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Armenia: the demand for greater accessibility to Europe: Mikayel Minasyan’s article in The Huffington Post

Mikayel Minasyan, a former Armenian ambassador to the Holy See of Vatican, Portugal and the Republic of Malta, has published the following article in The Huffington Post:

Almost 28 years after the release of the legendary “Citizen Kane” (1941) that narrated about American identity and self-awareness, in Soviet Armenia a miraculously not censored novel by young writer Hrant Matevosyan (1935-2002) was miraculously allowed for a feature film. That movie has now become classics for everyone speaking Armenian. It tells about the life in Soviet Armenia and the curtained world that had its own, unwritten rules. That’s exactly how it was titled: “We and our mountains”(1969). So, in the 1960s, as the world was being stormed by technological, civilizational and political revolutions, two shepherds in the Armenian mountains calmly discuss the number of important countries in the world and conclude: “It’s us, America and, probably, Austria”.

Besides being classics in Armenian cinematography, “We and our mountains” encapsulates the biggest fears of the new generation of Armenians: don’t be locked up in our mountains, nor be limited in our worldview and, unlike our ancestors, don’t live on vague ideas about the world. The new generation of Armenians wants to keep up with the times and be part of the modern world. The new times, gaining speed at Greenwich prime meridian, are set in Europe. This determines the authentic aspiration of Armenia and Armenians towards Europe. This is natural, reasonable, stalwart and rational choice.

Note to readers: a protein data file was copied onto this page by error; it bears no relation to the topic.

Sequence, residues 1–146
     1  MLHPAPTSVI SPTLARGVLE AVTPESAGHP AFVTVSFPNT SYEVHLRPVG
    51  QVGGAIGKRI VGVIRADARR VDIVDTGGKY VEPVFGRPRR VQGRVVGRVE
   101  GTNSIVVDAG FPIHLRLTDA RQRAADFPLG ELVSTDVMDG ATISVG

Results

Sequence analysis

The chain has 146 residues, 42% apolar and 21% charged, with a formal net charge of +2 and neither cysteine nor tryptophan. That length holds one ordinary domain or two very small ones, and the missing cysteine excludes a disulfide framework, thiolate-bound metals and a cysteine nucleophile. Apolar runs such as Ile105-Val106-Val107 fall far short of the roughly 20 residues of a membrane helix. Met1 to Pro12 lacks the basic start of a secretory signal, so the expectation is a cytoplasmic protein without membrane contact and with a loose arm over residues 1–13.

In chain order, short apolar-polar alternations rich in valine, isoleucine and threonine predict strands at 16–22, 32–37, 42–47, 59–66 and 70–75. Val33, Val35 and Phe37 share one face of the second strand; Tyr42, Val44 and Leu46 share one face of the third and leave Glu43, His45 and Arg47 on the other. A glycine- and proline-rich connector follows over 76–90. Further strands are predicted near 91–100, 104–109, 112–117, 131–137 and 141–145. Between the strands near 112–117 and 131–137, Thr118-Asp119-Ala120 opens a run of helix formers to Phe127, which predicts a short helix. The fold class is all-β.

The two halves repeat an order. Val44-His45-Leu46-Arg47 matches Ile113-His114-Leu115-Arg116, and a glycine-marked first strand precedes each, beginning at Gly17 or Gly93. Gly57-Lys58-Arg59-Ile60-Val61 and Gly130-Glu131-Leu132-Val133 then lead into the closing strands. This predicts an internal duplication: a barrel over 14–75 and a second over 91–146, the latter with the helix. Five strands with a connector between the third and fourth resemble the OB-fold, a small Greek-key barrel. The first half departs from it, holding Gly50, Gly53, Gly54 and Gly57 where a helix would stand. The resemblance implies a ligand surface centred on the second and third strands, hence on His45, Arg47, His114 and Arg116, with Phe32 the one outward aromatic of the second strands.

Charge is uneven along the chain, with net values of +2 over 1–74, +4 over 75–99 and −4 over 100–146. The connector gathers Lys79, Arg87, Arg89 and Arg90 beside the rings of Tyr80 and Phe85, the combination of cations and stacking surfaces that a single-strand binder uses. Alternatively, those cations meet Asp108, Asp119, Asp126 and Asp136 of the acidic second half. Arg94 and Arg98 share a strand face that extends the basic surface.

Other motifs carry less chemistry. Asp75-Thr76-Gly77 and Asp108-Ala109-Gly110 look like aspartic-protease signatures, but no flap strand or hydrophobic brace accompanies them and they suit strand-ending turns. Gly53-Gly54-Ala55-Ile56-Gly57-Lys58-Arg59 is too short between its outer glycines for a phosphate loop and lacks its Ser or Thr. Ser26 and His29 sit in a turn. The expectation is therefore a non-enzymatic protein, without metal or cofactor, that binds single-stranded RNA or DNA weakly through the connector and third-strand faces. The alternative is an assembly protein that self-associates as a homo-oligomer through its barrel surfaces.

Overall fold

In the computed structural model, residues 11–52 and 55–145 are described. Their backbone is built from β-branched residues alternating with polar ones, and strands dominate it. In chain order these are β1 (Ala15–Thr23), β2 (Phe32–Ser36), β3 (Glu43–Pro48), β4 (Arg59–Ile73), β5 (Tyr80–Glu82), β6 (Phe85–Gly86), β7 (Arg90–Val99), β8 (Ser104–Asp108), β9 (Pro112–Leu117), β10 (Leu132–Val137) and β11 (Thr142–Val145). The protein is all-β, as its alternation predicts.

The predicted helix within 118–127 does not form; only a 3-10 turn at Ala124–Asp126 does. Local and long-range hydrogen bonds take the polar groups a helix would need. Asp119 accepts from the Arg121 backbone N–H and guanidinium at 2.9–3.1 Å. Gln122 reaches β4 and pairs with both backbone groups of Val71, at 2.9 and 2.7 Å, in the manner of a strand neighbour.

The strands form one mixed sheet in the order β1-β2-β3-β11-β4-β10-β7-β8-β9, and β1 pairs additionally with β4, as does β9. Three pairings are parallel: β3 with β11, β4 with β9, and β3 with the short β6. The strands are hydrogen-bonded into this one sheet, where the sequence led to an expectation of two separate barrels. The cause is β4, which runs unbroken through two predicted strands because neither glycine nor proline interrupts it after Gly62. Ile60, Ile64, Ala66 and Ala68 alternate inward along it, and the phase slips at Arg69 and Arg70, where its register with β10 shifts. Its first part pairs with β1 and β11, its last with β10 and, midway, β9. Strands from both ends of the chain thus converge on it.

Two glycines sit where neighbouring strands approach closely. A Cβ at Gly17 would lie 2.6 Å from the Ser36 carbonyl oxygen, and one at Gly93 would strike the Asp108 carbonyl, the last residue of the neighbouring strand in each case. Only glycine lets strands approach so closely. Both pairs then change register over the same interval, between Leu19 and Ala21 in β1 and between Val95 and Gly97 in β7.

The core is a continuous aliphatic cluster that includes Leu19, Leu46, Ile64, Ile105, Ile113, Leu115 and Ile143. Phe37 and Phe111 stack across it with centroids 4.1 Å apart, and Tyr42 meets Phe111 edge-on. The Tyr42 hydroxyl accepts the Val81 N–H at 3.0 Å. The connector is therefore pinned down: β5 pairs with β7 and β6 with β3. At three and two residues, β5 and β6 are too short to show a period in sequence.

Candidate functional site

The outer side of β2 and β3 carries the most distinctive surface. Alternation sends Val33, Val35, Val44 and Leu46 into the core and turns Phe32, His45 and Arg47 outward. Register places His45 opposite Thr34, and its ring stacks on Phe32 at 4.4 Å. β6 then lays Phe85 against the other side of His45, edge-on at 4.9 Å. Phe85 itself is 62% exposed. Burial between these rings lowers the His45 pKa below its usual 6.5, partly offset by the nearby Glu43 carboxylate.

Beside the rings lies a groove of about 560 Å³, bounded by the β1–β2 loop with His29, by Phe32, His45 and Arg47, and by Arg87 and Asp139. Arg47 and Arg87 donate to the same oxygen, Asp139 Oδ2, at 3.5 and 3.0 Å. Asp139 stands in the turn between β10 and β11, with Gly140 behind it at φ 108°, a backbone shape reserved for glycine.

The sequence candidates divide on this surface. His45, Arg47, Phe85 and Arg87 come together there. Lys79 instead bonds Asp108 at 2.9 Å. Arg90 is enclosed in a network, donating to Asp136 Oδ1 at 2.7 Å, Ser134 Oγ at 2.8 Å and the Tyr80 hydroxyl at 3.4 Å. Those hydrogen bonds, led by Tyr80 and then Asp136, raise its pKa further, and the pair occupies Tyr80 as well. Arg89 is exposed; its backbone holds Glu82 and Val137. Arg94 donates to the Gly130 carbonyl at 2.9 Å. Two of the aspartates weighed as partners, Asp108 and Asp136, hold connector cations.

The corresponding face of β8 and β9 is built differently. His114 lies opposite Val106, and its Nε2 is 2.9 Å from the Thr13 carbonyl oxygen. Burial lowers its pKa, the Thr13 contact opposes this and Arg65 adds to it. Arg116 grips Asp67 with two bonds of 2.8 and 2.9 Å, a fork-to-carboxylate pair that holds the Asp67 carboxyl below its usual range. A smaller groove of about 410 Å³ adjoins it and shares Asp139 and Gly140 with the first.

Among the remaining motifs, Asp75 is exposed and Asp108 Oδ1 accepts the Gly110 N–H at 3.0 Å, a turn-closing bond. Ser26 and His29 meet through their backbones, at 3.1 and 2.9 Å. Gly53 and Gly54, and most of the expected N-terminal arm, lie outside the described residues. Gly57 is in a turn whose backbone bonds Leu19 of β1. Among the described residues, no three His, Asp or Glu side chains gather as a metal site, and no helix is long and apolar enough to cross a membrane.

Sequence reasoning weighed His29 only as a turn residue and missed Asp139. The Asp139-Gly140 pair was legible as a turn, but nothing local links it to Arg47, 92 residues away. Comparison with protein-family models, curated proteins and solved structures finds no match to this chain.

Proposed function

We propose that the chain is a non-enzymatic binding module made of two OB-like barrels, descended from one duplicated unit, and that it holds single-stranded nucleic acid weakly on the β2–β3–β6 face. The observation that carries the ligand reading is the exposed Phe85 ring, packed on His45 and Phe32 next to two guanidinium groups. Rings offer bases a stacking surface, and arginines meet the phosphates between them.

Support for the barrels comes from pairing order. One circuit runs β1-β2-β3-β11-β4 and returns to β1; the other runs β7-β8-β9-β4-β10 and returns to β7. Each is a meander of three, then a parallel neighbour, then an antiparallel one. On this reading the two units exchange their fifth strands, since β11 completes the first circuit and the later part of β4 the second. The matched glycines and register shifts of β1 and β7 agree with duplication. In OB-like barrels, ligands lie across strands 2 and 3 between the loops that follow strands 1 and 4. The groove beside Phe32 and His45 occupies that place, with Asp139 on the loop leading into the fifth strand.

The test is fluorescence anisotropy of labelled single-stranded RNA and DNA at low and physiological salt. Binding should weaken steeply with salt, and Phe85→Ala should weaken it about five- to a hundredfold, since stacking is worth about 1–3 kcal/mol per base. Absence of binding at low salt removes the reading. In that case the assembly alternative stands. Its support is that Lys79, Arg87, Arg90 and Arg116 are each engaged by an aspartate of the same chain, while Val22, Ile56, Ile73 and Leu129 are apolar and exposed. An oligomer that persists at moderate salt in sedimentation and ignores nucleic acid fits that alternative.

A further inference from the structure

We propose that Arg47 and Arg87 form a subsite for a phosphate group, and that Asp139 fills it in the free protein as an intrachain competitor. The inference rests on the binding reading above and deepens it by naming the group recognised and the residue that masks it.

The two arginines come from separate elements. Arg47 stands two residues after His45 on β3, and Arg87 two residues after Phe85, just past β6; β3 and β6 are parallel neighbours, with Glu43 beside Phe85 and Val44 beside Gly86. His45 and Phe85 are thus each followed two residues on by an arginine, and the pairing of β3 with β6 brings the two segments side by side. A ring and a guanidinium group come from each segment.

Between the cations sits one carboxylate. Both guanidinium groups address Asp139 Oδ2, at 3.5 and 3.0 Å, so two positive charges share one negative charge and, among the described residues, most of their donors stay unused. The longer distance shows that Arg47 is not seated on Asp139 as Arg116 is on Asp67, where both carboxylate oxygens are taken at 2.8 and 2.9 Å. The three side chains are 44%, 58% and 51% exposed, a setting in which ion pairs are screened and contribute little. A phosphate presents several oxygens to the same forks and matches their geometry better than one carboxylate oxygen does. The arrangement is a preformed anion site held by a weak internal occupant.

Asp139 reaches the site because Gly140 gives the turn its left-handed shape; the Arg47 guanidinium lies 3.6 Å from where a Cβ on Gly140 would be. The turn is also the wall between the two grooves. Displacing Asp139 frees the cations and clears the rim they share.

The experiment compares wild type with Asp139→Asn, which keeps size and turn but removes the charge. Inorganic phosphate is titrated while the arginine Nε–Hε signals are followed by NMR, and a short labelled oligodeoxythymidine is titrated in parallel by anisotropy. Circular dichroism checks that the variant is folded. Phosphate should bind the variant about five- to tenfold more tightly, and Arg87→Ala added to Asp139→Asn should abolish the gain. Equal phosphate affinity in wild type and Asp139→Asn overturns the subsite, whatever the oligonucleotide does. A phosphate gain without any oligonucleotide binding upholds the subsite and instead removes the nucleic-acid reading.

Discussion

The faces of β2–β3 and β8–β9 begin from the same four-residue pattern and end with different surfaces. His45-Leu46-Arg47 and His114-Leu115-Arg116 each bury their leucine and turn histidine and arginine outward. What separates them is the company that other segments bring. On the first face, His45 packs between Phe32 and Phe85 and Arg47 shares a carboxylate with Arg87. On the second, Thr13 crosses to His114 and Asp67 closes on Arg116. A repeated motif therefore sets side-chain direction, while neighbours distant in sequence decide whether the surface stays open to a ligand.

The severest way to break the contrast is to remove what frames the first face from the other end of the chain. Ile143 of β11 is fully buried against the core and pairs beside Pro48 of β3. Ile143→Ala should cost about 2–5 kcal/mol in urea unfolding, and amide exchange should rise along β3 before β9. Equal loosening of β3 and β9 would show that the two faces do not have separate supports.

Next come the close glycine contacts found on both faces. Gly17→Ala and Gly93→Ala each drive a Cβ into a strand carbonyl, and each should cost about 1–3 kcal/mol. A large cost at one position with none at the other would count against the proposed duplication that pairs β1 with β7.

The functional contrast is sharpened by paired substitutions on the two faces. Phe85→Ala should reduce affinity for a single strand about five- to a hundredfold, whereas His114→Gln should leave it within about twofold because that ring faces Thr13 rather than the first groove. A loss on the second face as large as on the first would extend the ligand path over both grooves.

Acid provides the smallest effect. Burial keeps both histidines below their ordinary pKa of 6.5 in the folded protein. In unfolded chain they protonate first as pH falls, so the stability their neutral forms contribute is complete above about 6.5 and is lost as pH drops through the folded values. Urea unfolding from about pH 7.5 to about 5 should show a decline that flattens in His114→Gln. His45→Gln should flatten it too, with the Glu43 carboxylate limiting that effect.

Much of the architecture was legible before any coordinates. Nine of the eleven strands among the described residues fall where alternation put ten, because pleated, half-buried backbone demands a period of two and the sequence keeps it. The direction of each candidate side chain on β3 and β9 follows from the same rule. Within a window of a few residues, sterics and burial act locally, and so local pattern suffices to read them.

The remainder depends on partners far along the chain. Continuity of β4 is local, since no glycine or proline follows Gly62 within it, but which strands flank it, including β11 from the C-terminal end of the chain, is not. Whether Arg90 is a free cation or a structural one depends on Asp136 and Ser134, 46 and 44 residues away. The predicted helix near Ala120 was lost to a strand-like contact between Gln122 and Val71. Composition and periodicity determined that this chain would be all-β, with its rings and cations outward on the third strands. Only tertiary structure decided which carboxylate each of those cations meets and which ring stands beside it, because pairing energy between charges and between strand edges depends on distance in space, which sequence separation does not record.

Europe for us is the symbol of our ambitions and the window of our opportunities. That window was opened following the demise of the Soviet Union and up to this point has matured into the Comprehensive and Enhanced Partnership Agreement, or CEPA, which is currently in ratification stage in Member-States and which reflects all those common wishes and aspirations in greater detail.

Armenia has three priority issues: security, welfare and demography. The agenda with the European Union cross-cuts through our priority list. The continuous reforms in internal affairs and strengthening democratic institutions are preconditions for creating and empowering more vigorous safeguards for domestic security.

Providing for competitive economic environment in Armenia and better access to the solvent EU market for local producers is a window of opportunity, whereas trade facilitation is a source of prosperity for our citizens.

Notwithstanding the zigs and zags of cooling and bromance in our political relations with the EU, the Armenian citizens are far more persistent in their expectations, which, in short, can be labeled as longing for “greater accessibility”. Greater accessibility is, for instance, when participation in European educational exchange programs for our students becomes much easier, when our citizens are issued visas to travel to EU Member States under much liberalized procedures or visa requirements are lifted at all.

You call it “greater accessibility” when low-cost airlines take off from our two cities to Europe at more affordable prices and during daytime hours. It’s when greater numbers of Armenian tourists are able to visit, explore, learn and discover Europe, see Europe with their own eyes and touch it with their own hands, and so on. It’s about a businessman willing to sell his product in the European market, or a scientist who wants, for instance, to carry out a joint research with her European colleague. Very simple, very reasonable. And this is all doable.